Supply Chain

The term “logistics” is one of those fuzzy expressions with an unimaginably wide range of meanings. Nevertheless, there are a number of commonalities across all logistics applications. The standard task of logistics is to get the correct parts to the right place at the right time. To make this work smoothly, RFID systems offer companies a wide range of options that simplify the transport and transfer of goods between manufacturers and recipients.

Product Areas

Requirements for logistics

Everything has a price and moving objects from A to B requires energy and space, both of which are measured in money.

Therefore, a logistics system must be:

To achieve some or all of these goals, RFID technology can help by providing real-time information for tracking goods and transportation

How RFID works in logistics

The manufacturer must equip his products with a transponder. A unique number is assigned to each product via Electronic Product Code (EPC). Each RFID tag or the chip in the transponder contains this number. The EPC then provides information about the items’ data, such as production date and serial number, which must eventually be registered in a database. For the system to function smoothly, any intermediaries must be informed of the EPCs so that they can later identify the products with their readers.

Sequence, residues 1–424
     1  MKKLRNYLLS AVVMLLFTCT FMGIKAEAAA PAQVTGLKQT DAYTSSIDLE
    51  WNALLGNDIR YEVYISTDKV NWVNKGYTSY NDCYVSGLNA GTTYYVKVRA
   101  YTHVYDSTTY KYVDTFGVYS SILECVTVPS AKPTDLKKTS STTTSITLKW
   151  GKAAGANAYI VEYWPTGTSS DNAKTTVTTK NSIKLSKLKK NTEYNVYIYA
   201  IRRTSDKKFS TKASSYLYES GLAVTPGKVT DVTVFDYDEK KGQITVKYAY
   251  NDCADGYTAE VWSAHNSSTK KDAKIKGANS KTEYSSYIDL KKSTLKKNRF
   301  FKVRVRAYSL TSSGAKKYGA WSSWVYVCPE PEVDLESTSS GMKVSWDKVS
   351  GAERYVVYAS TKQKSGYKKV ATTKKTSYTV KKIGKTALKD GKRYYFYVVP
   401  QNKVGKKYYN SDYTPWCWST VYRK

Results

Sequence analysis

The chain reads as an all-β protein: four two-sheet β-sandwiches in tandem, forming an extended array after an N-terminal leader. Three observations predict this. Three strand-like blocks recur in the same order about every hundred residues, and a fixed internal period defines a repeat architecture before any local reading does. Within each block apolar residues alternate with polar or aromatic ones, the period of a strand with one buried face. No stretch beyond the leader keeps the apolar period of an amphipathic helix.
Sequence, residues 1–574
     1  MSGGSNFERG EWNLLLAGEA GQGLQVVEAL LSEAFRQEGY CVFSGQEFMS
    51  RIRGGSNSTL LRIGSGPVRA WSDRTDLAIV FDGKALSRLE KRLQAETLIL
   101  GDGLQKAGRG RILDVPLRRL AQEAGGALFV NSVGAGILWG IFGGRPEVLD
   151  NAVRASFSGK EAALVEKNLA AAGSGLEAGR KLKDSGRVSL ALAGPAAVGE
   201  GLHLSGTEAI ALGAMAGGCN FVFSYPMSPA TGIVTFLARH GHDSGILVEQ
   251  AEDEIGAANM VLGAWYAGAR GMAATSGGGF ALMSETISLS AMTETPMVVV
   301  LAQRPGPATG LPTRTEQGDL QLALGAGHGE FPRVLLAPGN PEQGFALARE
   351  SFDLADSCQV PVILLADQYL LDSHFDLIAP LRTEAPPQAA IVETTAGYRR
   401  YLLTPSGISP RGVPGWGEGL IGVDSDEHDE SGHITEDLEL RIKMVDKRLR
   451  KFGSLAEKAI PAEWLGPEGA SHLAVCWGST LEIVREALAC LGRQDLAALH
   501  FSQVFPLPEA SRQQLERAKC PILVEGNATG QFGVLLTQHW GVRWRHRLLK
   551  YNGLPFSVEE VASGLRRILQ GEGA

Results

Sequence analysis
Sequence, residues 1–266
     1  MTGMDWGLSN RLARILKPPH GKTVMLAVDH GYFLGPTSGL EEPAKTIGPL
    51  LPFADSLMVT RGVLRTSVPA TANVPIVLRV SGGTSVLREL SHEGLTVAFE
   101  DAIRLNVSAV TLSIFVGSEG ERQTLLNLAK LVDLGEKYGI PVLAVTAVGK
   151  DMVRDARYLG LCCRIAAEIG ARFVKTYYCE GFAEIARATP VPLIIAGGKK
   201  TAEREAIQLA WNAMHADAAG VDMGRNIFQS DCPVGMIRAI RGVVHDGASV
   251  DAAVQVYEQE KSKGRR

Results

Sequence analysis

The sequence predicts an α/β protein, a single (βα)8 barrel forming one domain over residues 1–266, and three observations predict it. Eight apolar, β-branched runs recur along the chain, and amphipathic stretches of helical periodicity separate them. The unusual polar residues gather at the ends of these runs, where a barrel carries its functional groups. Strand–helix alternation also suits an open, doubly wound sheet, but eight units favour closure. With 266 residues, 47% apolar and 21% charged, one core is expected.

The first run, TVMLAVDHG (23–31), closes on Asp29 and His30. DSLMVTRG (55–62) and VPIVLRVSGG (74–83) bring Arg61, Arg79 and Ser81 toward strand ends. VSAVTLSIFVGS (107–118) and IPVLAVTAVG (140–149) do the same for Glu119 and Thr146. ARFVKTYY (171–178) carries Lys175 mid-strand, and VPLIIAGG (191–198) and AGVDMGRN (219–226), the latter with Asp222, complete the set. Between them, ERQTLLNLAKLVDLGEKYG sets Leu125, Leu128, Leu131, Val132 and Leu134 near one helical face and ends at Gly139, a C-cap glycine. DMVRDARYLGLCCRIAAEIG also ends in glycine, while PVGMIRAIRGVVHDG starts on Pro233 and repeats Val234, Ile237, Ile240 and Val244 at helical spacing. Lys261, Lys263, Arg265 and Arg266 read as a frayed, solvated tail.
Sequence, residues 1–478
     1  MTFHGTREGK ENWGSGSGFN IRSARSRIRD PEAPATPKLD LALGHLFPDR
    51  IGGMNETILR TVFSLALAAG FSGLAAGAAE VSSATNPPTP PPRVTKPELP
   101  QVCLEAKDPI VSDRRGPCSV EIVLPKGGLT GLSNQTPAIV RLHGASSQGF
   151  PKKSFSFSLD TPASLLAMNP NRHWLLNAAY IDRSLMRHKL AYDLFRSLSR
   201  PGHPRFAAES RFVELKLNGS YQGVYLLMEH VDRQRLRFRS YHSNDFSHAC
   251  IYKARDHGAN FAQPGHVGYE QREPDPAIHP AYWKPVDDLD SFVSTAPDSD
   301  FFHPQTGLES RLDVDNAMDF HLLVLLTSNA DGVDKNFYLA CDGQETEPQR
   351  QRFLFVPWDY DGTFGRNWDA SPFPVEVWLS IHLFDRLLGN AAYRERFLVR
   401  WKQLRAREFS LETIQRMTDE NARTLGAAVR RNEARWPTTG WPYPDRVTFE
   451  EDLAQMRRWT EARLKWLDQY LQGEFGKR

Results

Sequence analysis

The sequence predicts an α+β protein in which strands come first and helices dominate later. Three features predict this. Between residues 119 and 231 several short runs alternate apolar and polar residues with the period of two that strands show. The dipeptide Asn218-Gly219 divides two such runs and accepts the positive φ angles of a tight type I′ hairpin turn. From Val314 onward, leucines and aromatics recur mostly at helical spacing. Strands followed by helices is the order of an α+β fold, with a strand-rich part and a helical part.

When a product leaves the manufacturer, this is recorded by a reader. In this way, it is recorded exactly which article left the company and when. The next data is transmitted on transport trolleys, providing information on when the goods were loaded and when they arrived at the next intermediary. If the middleman ships the goods, then he, like the manufacturer, now has full control in the shipping process. Another link in the supply chain is the retailer who finally brings the products to the point of sale. If the retailer has an RFID system, the sale can be registered directly in the database.

Application areas of RFID in logistics

RFID tags facilitate the traceability and control of products and enable optimization of time and logistics costs in companies and shipping operations. For example, RFID technology makes receiving and shipping products at loading docks faster and more secure. In addition, inventory availability can be communicated in real time to all parties in the supply chain and product receipts can be registered more quickly once a PC is connected to the radio frequency terminals via the warehouse management system.

Benefits of RFID technology for logistics

The RFID technology offers numerous advantages for warehouse and shipping processes:

Thanks to automated processes, staff have to spend less working time on logistics.

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